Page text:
Russia will consider a bill next week that would seize the assets of individuals convicted of spreading what the government terms "fakes" about the country's military, as announced by a top lawmaker on Saturday, Jan. 20.

Following Moscow’s full-scale invasion of Ukraine, criticism of the military became a criminal offence and thousands of opponents of the war in Russia have since been detained.

Speaker Vyacheslav Volodin revealed that the bill, reportedly enjoying support from major parliamentary factions, is set to be presented to Russia's lower house State Duma on Jan. 22.

"Anyone who tries to destroy and betray Russia should receive the punishment they deserve and compensate for the damage to the country with their property," Volodin wrote on Telegram.

The measure is designed to target those deemed as "scoundrels" who engage in activities that "pour mud on our country, soldiers, and officers serving in the special military operation," Volodin said.

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Spreading "false information" about the army is already a charge carrying a maximum jail sentence of up to 15 years in Russia. Authorities have utilized this charge to suppress many dissenting voices.

As per existing law, information regarding the Ukraine offensive not sourced from an official government outlet can be labeled as "false," leading to potential prosecution.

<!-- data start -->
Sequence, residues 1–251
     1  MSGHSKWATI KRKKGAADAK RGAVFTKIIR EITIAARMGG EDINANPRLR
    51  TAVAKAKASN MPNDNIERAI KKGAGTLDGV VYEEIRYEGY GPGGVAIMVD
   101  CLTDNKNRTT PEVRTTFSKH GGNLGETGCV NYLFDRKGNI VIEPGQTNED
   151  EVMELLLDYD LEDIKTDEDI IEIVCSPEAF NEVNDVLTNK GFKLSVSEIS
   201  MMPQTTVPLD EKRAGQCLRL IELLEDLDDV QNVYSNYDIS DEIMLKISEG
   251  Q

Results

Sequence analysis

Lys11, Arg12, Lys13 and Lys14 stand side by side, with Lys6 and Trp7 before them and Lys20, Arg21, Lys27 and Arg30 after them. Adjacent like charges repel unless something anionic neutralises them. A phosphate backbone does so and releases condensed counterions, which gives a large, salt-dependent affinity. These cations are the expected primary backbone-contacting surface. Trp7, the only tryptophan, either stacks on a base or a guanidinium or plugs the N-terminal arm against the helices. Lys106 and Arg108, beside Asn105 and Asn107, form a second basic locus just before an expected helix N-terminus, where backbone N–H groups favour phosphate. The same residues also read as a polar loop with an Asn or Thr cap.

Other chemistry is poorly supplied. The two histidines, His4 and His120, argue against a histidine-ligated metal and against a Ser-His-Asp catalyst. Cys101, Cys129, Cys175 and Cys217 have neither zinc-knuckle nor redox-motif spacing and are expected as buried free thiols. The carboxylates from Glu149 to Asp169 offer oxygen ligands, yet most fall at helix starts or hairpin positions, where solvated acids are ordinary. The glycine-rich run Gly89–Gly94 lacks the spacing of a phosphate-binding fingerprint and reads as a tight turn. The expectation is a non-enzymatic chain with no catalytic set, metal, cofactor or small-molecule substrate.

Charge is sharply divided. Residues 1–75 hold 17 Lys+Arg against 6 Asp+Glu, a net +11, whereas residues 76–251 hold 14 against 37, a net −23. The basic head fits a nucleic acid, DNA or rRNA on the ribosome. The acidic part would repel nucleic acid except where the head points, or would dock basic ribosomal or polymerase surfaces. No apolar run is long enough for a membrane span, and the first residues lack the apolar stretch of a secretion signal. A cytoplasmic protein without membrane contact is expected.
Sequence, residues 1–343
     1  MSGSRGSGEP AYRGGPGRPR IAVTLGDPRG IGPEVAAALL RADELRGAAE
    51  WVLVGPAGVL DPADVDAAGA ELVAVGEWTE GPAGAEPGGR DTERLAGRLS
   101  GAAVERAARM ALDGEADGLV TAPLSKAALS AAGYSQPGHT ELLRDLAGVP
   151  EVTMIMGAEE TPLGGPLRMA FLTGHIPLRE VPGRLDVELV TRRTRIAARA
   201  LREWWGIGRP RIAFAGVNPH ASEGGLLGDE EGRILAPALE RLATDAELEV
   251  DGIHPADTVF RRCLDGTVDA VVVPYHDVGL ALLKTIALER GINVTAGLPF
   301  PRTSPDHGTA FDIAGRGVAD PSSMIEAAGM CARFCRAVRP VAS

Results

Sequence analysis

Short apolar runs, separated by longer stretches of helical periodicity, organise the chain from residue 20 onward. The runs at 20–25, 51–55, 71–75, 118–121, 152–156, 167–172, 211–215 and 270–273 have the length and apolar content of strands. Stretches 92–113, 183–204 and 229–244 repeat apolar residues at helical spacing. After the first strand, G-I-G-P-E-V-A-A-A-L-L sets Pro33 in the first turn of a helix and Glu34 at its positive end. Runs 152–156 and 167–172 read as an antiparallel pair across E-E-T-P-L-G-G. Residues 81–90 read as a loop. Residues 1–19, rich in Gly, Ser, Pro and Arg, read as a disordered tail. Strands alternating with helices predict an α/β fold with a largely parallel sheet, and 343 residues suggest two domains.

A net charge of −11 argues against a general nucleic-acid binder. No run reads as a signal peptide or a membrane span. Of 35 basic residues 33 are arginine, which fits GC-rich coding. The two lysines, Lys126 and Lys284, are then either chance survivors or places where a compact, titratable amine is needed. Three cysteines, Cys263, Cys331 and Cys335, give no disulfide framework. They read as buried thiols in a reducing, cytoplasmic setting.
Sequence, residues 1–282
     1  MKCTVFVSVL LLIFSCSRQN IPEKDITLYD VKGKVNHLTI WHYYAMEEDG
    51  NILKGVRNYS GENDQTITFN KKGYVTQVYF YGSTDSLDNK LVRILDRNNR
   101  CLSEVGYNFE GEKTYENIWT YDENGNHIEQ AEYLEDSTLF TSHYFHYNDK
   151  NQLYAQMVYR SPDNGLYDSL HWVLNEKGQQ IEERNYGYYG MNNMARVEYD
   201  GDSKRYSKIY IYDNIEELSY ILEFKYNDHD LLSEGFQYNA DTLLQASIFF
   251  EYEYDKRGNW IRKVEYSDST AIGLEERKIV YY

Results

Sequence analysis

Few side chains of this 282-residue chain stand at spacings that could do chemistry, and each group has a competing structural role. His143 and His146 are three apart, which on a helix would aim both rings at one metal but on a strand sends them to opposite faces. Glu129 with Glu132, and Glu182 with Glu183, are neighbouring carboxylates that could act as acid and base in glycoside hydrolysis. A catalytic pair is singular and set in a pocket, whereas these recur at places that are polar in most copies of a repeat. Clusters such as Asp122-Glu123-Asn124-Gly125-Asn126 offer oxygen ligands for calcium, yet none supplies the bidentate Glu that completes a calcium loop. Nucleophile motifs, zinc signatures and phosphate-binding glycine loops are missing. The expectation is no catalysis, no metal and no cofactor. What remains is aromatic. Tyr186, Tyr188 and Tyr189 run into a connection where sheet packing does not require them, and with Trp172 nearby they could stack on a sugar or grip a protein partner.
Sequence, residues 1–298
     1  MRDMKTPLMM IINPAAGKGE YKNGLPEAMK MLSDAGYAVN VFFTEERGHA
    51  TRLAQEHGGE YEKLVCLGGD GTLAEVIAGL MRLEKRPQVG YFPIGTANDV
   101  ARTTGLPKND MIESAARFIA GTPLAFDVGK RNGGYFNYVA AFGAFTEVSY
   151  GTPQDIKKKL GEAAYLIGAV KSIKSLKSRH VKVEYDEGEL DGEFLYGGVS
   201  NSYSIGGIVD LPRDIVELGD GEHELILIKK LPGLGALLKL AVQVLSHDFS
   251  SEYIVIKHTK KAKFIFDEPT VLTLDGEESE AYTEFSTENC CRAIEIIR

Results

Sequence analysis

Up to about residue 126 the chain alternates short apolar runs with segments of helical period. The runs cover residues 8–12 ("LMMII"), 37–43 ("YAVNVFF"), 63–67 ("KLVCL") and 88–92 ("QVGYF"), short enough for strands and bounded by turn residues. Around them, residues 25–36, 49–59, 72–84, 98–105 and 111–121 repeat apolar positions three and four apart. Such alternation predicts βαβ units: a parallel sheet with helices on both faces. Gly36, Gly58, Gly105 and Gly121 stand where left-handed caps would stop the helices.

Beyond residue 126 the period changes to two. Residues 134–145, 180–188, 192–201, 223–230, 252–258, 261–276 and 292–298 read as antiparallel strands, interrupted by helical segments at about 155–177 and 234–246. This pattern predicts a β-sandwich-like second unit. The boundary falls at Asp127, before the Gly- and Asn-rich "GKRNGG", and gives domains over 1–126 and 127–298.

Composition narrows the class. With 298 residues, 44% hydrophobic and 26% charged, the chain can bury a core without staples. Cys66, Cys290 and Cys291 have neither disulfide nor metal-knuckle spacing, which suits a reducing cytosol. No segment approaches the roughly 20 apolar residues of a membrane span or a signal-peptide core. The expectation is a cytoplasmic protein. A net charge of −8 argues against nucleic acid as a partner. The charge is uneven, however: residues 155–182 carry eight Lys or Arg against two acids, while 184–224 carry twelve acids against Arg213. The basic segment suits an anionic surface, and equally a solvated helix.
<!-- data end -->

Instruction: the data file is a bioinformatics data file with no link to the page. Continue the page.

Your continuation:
Recent case

On Jan. 18, a Russian human rights activist, Grigoriy Winter, was sentenced to three years in jail for being found guilty of "discrediting" Moscow's army in a comment posted on social media.

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Winter, 54, expressed outrage over Russia's alleged actions in the Ukrainian cities of Bucha and Irpin in a comment on the VKontakte social networking site.

"The human rights defender misled an unlimited number of people and discredited the Armed Forces of the Russian Federation," a court from Winter's hometown of Cherepovets declared.

It said the activist "knowingly" spread false information about the army, despite knowing that "reliable information was posted on the website of the Ministry of Defense".

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In addition to a three-year sentence in a penal colony, Winter was also banned from using social media and the internet for two years, the court said.

Before his arrest, Winter worked as head of a local branch of the Russian NGO "Za Prava Cheloveka" (For Human Rights) and as an animal rescuer, rights groups reported.

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